Name: Sally
central Maryland
Seriously addicted to kettle chips.
Charter ATP Member Native Plants and Wildflowers Region: Mid-Atlantic Composter Region: Maryland Birds
Cat Lover Dog Lover Region: United States of America
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sallyg
Sep 27, 2017 9:11 PM CST
Mark,
Thanks for your creative communication. Smiling
I think you would really enjoy this blog while waiting for your jades to root
http://plantsarethestrangestpe...
I love reading this blog. Unfortunately, the blogger has not written much about standard jade plants, and doesn't seem to be a big fan of them.
..come into the peace of wild things..-Wendell Berry
Life is a buffet (anon)
Name: Yardenman
Maryland (Zone 7a)
Image
Yardenman
Sep 27, 2017 9:53 PM CST
Spelmensch said:Shit.....

*the sound of well slippered feet tread heavily with a weighty melancholy toward a dimly lit study, a heavy door clunks shut, ice cubes fall into a cut crystal tumbler followed by a long glugs of liquid, a series of sobbing gulps preclude the sound of a service revolver being loaded...a shot rings out, the curtain falls, a nation weeps...*

thanks anyway, Daisy... πŸ˜ŠπŸ•ΊπŸ»


You are obviously a writer-to-be, LOL!

I had a Jade Plant for years in an unglazed pot (for drying the soil) and a grow light above it. It loved the spot for years. Not as many years as yours (it was mature when I bought it), but one week it just died for no apparent reason.

Sometimes all it is is that plants have lifetimes... And they die in spite of your best efforts.

Name: Daisy I
Reno, Nv (Zone 6b)
Not all who wander are lost
Garden Sages Plant Identifier
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DaisyI
Sep 27, 2017 11:15 PM CST
Mark, I hope you survived that last scene. I'd hate to never hear from you again.

Daisy
Life is not a journey to the grave with the intention of arriving safely in a pretty and well preserved body, but rather to skid in broadside, thoroughly used up, totally worn out, and proclaiming...."WOW What a Ride!!" -Mark Frost

Webmaster: osnnv.org
Name: Cal McGaugh
Escondido, California (Zone 10b)
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EscondidoCal
Sep 28, 2017 12:31 AM CST
Spelmensch,

Does Jade get good light in a bright window? She seems a bit tall & leggy....it makes me think she
needs more light. They're pretty resilient.....can bonsai them, too.

You can even make a small forest of jades in the proper pot, and still have the main
plant. As others have said, easy on the water.....succulents store water so don't
require nearly as much, especially in a pot or if it's cold.

I think re-potting her is a good thing if she's been in the same pot for 5yrs or so. I'd wash off the
old soil, trim the roots, re-pot in new soil that has good drainage.
Also, I recommend not fertilizing.....succulents look best if not fertilized, at least in my experience.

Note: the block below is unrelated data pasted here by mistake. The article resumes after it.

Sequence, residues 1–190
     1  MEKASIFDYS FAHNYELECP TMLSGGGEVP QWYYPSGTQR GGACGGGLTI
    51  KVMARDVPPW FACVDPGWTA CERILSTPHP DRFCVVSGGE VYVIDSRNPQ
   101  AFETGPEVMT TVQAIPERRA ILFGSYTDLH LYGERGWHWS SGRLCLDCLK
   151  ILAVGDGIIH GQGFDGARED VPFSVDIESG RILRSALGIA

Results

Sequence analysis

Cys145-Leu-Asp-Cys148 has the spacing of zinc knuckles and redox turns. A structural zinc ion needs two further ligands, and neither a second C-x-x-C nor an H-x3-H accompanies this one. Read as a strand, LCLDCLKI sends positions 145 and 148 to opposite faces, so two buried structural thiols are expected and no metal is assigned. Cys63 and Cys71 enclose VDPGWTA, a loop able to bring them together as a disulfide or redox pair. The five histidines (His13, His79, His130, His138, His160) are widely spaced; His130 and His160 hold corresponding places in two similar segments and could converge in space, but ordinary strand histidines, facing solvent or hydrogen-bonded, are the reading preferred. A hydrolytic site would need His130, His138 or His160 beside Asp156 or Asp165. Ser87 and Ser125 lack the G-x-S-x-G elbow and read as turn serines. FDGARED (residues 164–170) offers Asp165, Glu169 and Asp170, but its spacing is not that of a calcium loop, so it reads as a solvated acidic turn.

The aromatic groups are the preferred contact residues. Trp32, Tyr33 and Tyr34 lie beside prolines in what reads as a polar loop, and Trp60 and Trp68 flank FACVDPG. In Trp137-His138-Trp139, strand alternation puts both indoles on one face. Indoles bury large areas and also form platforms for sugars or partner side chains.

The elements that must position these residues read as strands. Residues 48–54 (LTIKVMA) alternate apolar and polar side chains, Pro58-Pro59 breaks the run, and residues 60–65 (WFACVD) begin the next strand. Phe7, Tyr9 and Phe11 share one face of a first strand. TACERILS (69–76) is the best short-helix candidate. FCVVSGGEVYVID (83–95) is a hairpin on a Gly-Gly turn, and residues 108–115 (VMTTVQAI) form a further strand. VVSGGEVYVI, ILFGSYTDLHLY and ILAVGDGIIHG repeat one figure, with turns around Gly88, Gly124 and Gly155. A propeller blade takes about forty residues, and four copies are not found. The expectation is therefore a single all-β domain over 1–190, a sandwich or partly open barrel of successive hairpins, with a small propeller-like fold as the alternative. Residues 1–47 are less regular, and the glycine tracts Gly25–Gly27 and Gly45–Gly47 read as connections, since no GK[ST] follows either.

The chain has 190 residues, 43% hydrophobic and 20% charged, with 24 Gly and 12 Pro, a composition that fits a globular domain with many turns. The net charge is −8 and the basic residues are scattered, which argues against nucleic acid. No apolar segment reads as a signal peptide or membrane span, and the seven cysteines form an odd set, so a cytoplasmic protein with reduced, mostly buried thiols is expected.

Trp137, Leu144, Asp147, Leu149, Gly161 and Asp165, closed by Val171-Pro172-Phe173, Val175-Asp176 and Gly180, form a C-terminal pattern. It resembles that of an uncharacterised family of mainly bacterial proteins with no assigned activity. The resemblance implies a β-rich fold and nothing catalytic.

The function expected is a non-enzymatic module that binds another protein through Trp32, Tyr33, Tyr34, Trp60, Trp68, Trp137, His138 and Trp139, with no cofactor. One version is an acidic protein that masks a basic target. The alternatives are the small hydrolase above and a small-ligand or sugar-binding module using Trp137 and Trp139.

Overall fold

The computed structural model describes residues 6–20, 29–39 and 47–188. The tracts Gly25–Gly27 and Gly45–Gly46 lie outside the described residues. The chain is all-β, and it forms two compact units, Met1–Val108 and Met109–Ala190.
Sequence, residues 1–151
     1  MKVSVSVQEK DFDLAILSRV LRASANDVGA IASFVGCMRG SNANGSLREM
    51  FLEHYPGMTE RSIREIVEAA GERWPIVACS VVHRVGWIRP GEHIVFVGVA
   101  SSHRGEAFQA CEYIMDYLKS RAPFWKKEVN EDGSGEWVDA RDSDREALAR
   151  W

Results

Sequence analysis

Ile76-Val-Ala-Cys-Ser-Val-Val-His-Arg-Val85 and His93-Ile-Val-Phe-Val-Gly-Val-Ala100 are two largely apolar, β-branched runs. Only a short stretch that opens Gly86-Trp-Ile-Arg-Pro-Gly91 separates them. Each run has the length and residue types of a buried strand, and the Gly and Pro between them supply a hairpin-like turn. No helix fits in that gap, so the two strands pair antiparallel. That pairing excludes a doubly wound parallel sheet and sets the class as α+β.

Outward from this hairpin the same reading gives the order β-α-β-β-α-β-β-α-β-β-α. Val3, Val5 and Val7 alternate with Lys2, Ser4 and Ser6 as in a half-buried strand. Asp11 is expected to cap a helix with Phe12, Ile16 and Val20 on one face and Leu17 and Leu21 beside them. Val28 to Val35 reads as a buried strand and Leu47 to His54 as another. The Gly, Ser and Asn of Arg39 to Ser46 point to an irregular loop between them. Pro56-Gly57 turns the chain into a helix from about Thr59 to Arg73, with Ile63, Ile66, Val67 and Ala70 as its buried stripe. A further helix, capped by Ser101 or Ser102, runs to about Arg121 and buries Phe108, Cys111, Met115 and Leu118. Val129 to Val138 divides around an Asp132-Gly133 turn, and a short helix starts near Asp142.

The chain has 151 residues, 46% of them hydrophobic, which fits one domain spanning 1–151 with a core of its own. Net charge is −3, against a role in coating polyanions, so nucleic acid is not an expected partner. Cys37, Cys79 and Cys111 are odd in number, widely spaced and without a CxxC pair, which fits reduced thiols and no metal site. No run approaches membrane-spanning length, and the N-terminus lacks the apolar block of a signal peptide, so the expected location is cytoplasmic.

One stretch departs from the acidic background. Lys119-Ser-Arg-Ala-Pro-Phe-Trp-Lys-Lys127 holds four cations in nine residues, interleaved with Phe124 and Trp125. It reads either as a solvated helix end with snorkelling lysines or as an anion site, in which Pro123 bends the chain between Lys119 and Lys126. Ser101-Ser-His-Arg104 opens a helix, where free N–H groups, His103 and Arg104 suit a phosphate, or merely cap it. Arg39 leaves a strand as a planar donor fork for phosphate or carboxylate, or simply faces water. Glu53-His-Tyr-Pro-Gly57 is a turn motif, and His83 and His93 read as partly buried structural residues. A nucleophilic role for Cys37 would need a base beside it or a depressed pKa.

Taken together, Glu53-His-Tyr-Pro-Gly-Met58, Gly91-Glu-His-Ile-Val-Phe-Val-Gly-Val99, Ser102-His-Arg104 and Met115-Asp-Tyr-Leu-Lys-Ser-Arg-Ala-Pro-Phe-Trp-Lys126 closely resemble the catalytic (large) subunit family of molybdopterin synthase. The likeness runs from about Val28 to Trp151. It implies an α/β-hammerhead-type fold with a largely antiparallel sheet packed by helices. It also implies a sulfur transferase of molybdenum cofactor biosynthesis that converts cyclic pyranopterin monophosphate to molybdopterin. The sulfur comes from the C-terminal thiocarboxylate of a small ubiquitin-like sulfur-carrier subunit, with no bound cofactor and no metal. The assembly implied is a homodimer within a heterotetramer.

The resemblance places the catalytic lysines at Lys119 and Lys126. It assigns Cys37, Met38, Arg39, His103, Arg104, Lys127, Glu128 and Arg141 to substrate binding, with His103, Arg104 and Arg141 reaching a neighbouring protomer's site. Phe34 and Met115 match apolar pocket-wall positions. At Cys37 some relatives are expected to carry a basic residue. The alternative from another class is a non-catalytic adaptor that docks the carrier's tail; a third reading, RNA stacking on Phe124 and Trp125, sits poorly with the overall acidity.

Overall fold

Hope you'll be dancing again with her soon, if not already. Thumbs up
Learn & create something every day.

"Take only pictures. Leave only footprints."
Name: Yardenman
Maryland (Zone 7a)
Image
Yardenman
Sep 28, 2017 6:00 AM CST
EscondidoCal said:Spelmensch,

Does Jade get good light in a bright window? She seems a bit tall & leggy....it makes me think she
needs more light. They're pretty resilient.....can bonsai them, too.

You can even make a small forest of jades in the proper pot, and still have the main
plant. As others have said, easy on the water.....succulents store water so don't
require nearly as much, especially in a pot or if it's cold.

I think re-potting her is a good thing if she's been in the same pot for 5yrs or so. I'd wash off the
old soil, trim the roots, re-pot in new soil that has good drainage.
Also, I recommend not fertilizing.....succulents look best if not fertilized, at least in my experience.

Hope you'll be dancing again with her soon, if not already. Thumbs up


I agree. One of the nice things about succulents is that they love "benign neglect". And light.

Name: Cheryl
Texas (Zone 9a)
Region: Texas Greenhouse Plant Identifier Plant Lover: Loves 'em all! Plumerias Ponds
Foliage Fan Enjoys or suffers hot summers Tropicals Garden Ideas: Master Level Garden Sages Million Pollinator Garden Challenge
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ShadyGreenThumb
Sep 28, 2017 6:33 AM CST
Everyone here has a plant or three with a tale like your own. Those plants are our most treasured friends ! I applaud you're attempts to revive your friend. You will do well following the advice here.

No one has mention using a dusting of cinnamon on the cleaned-out rotted parts? That often stops further rotting.

Does your plant have a name? I have names for several of my sentimental favorites that reflect their origins or from whom they were acquired.

Good luck. Keep us posted and Welcome!
Life is short, Break the rules, Forgive quickly, Kiss slowly, Love Truly, Laugh
uncontrollably, And never regret anything that made you Smile.